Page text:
Physician assistants conduct more skin biopsies, while diagnosing fewer melanomas in situ, compared with dermatologists, according to a study published in JAMA Dermatology.
Alyce M. Anderson, PhD, a medical student at the University of Pittsburgh School of Medicine, and associates conducted a review of medical records to analyze any differences in patient diagnoses among dermatologists and physician assistants.
The investigators collected 33,647 skin cancer examination records from 20,270 individuals (62.8% female, average age, 52.7 years) who were screened from 2011 to 2015 at dermatology offices associated with the University of Pittsburgh Medical Center. The large majority of patients self-reported as non-Hispanic white (96.3%).
Pathology reports were identified using revision codes V76.43 and Z12.83 from the International Classification of Diseases and International Classification of Diseases and Related Health Problems, respectively. The primary outcome was the number needed to biopsy (NNB) for skin cancer diagnosis (nonmelanoma, invasive melanoma, or in situ melanoma).
NNB per case of skin cancer was 3.9 for diagnosis by physician assistants and 3.3 by dermatologists. For each diagnosed case of melanoma, NNBs were 39.4 and 25.4 for physician assistants and dermatologists, respectively. The researchers noted a significantly less likelihood of melanoma diagnosis in situ for patients diagnosed by physician assistants compared with diagnosis by dermatologists (1.1% vs 1.8%). Variations in diagnoses for invasive melanoma (0.7% vs 0.8%) and nonmelanoma skin cancer (6.1% vs 6.1%) were not significant.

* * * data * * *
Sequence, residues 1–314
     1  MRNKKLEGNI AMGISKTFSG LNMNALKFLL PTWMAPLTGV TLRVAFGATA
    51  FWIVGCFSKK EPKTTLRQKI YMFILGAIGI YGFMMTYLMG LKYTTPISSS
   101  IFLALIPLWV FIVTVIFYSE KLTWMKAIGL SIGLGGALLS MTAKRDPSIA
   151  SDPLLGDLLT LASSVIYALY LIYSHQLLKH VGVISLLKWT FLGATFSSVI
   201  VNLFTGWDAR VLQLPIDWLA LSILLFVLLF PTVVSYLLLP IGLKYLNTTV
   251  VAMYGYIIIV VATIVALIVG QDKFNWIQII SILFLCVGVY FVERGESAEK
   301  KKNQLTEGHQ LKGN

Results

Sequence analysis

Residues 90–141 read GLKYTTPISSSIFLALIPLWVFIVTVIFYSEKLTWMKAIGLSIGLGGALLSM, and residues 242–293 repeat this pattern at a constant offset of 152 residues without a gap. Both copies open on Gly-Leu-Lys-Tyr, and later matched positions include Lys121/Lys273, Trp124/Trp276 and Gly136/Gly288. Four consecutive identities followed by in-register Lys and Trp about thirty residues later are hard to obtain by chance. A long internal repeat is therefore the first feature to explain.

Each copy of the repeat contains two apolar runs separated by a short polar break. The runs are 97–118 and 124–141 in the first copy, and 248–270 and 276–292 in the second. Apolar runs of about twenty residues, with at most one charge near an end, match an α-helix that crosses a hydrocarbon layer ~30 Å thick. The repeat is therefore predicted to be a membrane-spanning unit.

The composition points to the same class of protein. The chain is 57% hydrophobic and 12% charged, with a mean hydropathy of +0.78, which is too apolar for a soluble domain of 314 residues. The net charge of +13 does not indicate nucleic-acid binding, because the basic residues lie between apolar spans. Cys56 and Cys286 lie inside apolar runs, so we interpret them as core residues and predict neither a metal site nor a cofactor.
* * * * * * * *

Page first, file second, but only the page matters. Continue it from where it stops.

“Visits in which skin cancers are missed and/or biopsies are performed on benign lesions owing to lower diagnostic accuracy are low-value visits and increase the potential harm to patients,” wrote the authors. “This information should be factored into policy decisions about scope of practice, hiring decisions, supervision of APPs, and patient decisions about who provides their dermatologic care.”
Anderson AM, Matsumoto M, Saul MI, Secrest AM, Ferris LK. Accuracy of skin cancer diagnosis by physician assistants compared with dermatologists in a large health care system. [published online April 18, 2018]. JAMA Dermatol. doi:10.1001/jamadermatol.2018.0212